The Importance of Training Your Dog

| CJ Silvasi

It’s officially back-to-school season in the United States. Families are gathering supplies, switching from their care-free summer lifestyle to the more structured schedule of a school routine, and spending more time away from their houses. While you’re getting into the swing of the hustle and bustle of the school year, don’t forget to consider your dog’s education. This is a great time to send your dog “back to school” with training sessions.

Dog chewing on book

Why Is Training Your Dog So Important?

Well-trained dogs are happy dogs. Training your dog gives structure to their lives, challenges them mentally, and helps build the bond between owner and dog. When you train your dog, they learn more about the world around them and how they fit into it. Much like humans, this provides a comforting sense of purpose and the positive reinforcement recommended by most dog trainers also gives your pup a sense of achievement.

When Is the Best Age to Train Your Dog?

Dog sitting on the grass

Ideally you should train your dog as early as possible. Most experts recommend you start behavioral training at 7-8 weeks of age, because they’re starting to figure out the world around them. Puppies can learn and socialize more easily at this age before other habits and experiences can develop. Training this early is only an option if you’re able to adopt your dog from puppyhood; however, if you’re adopting an older dog from a shelter or have had your dog for many years, you can still train your older dog.

Adult and senior dogs will also gain the same benefits from training exercises that puppies do. Despite the old adage, it’s entirely possible to teach your dog new tricks. Additional training will not only help reinforce your dog’s prior training, but it’ll keep their mind and body active so they can be as healthy as possible.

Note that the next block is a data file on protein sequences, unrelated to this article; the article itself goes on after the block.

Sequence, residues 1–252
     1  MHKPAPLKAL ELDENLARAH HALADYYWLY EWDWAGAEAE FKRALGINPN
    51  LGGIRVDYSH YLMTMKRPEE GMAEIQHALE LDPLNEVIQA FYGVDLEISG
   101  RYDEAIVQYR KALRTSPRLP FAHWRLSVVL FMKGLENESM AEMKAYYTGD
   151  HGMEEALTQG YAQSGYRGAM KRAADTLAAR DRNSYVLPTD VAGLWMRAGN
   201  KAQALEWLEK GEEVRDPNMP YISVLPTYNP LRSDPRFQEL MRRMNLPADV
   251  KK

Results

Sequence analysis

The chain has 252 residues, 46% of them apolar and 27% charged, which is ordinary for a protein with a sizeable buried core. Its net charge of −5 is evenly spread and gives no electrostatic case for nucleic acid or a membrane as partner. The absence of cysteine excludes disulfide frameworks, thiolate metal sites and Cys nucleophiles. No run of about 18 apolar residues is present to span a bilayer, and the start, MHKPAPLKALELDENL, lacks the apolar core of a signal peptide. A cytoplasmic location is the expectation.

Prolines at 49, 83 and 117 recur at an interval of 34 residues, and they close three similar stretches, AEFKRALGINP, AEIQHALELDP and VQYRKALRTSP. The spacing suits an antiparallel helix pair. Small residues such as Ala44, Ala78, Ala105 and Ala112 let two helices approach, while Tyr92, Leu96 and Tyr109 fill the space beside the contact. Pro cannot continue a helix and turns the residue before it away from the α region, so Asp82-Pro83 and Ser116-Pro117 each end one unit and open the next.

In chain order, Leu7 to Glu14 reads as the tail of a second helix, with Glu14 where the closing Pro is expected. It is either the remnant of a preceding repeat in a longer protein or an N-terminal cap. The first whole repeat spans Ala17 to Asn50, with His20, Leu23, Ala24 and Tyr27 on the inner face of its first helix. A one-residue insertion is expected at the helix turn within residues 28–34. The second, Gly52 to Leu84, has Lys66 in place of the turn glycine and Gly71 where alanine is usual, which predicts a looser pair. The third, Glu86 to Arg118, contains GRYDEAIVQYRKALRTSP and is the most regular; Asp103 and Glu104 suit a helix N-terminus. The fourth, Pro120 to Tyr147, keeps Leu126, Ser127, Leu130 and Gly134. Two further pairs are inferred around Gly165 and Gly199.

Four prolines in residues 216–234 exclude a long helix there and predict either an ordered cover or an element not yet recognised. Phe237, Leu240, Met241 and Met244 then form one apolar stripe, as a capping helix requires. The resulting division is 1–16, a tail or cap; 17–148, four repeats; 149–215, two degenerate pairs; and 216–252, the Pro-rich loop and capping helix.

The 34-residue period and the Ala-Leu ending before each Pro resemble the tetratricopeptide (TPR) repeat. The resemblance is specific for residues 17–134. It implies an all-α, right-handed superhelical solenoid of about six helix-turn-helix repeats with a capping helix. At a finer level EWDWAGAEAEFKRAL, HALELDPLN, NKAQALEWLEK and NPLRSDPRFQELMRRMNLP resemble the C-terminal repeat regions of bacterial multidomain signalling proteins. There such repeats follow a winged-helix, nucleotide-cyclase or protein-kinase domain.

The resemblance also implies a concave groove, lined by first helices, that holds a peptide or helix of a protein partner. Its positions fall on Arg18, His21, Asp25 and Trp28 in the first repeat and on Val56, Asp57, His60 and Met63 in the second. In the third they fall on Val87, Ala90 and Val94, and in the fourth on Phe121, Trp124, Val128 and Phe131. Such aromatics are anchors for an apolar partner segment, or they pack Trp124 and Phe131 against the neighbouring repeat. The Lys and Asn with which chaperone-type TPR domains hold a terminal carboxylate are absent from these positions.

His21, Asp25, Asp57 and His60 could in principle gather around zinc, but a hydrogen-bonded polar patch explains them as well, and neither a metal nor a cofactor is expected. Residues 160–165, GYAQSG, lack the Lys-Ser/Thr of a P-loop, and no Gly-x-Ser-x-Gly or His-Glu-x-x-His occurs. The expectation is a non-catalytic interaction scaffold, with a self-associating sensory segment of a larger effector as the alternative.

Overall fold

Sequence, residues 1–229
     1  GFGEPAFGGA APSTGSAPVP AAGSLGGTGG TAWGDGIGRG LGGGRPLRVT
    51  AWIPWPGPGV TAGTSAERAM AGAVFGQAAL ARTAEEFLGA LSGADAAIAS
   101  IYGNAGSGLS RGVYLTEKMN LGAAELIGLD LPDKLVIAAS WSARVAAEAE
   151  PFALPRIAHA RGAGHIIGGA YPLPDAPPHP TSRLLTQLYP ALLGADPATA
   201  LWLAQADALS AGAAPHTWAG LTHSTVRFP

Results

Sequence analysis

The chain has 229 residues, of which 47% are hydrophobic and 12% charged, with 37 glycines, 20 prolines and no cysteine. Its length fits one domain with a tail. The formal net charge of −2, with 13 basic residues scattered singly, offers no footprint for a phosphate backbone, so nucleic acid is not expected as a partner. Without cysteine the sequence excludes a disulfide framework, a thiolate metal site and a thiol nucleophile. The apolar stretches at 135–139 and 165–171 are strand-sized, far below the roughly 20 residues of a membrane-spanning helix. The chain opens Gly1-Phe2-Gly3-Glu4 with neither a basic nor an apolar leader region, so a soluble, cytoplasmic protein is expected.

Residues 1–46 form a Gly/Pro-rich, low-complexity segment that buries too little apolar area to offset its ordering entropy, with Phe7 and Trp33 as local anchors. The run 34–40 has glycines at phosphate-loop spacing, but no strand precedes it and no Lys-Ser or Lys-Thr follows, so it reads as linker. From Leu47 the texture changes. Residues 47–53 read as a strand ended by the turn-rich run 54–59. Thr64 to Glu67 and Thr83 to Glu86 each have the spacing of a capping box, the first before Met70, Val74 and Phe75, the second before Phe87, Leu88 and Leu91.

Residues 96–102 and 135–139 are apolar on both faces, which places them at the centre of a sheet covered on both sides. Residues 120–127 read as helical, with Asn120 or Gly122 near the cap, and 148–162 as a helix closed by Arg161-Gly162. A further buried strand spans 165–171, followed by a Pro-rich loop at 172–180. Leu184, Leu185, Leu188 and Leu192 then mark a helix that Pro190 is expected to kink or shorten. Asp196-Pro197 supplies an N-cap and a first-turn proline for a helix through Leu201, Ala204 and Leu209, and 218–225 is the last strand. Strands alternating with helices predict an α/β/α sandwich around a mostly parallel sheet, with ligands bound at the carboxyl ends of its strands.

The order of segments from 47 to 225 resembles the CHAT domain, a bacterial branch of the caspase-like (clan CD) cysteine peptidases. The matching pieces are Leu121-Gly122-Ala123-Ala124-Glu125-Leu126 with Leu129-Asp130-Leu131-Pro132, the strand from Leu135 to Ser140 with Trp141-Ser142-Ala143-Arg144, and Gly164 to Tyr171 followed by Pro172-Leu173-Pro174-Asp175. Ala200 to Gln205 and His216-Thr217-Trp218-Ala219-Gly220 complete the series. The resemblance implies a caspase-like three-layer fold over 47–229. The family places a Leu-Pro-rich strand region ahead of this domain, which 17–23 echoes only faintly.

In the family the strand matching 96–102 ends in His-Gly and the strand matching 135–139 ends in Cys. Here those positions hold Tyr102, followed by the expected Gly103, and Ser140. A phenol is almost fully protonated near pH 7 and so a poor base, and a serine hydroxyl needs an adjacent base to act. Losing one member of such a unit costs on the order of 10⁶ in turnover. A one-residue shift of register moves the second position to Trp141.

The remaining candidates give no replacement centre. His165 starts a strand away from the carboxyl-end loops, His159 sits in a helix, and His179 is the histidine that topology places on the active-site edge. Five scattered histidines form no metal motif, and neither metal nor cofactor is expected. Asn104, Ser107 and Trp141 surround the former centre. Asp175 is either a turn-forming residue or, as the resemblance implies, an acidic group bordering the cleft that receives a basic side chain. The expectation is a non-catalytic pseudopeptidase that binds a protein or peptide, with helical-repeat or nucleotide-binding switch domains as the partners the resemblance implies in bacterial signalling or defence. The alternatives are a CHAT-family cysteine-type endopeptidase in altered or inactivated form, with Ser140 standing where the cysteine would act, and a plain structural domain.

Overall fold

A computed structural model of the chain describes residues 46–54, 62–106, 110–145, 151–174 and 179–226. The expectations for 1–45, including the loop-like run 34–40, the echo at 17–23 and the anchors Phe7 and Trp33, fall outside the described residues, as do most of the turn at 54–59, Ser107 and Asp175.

Are Professional Training Courses Worth the Cost?

Four dogs waiting for a dog treat

When you start training your puppy, you’ll likely see a lot of options for training classes. These are a great option to help your puppy, but they’re by no means a catch-all. Even with a professional trainer and regular classes, your puppy will need training with you and all members of your household. Remember, training your puppy isn’t just about their own behavior, but also about teaching the humans in their lives how to interact with them and properly issue commands.

Training courses are most often held in a group setting, so you and your dog will not only gain the experience of a professional dog-training expert, but also the socialization of working with and around other dogs and humans. Much like when children go to school with other children, your dog will learn to be comfortable around other dogs as well as what behavior is acceptable. Additionally, you can learn from the experiences of others and get an outsider’s perspective on your dog’s behavior. If you’re struggling with an aspect of training, or your dog is having trouble picking up on a command, the group setting led by a professional dog trainer may provide the perfect solution by offering alternative options. This alone can be an invaluable asset from group training classes for your dog.

How to Pick the Best Dog Training Classes

Not all training classes are created equal, and there are many options available for you to find the perfect option for your dog, budget, and schedule. You’ll need to be present for training classes in most cases. Typically, only severe behavioral issues would cause a trainer to take your dog into their care without you, so make sure you and your family have the time to devote to the class. Similarly, you’ll want to find a class that is conveniently located to your home, so it’s easy to attend.

When you start researching your dog-training class options, consider what your dog needs. If your dog is just starting out and generally receptive to training, you can work with almost any trainer and see good results. However, if you’re struggling with your pup or looking for specialized training for events or working dogs, take the time to do your due diligence.